You’ll find that most are midrange or luxury and they often have fabulous restaurants and the option of half-board bookings where your dinner is included in the price. Many have their own little gardens and farms and the food is often produced on-site. I would recommend that you stay outside of town so that you can enjoy the rural environment and easy access to great beaches. 

Monopoli was traditionally a fishing village and is now a nice sized town with a lively atmosphere. It has a cute little port, a lovely promenade, and a pleasant center. The Cathedral is beautiful and you can also visit the Grotto Churches which house exquisite frescoes. It’s a good place for anyone who wants a little bit of nightlife without being overly party-oriented. 

For dining, fresh seafood is always your best option and the ricci (sea urchins) are a particular delicacy when in season. If you’re happy with something very casual (think plastic tables in the sand right on the water), make sure to visit Il Principe del Mare where the fishermen will clean the urchin in front of you and serve you a heaping portion at a price you won’t believe.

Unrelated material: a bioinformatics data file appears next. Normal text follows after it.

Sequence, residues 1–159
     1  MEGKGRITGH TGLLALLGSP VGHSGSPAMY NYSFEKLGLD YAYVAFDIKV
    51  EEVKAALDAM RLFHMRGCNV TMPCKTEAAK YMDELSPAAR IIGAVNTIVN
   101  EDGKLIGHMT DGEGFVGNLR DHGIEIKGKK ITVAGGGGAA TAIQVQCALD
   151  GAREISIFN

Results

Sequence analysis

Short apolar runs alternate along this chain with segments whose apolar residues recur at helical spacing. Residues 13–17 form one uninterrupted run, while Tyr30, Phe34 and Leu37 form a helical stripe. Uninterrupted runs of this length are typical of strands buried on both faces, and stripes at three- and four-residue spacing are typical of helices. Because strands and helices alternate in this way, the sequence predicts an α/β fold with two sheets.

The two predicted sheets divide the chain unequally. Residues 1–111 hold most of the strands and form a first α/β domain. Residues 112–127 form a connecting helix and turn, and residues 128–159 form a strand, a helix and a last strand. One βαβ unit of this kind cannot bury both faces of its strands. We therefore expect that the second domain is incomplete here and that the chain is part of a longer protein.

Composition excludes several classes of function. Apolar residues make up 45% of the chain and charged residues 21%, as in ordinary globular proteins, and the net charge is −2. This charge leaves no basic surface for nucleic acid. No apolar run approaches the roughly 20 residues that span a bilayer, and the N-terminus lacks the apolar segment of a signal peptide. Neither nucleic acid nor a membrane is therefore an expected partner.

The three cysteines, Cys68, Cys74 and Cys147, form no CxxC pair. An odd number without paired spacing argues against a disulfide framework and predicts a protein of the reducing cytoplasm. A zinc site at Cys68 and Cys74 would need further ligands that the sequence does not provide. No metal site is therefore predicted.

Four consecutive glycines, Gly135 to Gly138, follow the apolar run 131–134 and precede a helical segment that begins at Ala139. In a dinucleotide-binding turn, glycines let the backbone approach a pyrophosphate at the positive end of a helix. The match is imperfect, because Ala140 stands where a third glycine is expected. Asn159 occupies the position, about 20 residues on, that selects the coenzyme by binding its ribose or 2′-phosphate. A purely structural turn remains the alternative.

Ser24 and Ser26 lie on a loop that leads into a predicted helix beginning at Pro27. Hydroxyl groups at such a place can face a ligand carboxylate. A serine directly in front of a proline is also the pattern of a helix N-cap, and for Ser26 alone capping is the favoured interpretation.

Polignano a Mare

Cala Porto in Polignano a Mare,

Cala Porto in Polignano a Mare (credit: Pixabay)

Polignano juts into the sea on a rocky promontory above a bay whose cliffs are full of caves. There are no major sites in town, but it’s charming and atmospheric. The houses are built directly into the cliff face and look as if they’re about to fall into the sea. 

Every year Red Bull sponsors a cliff diving contest where you will find residents and visitors alike diving from walls, out of house windows, and off of bridges. If you’re crazy enough you join them -don’t worry it’s only 100 feet!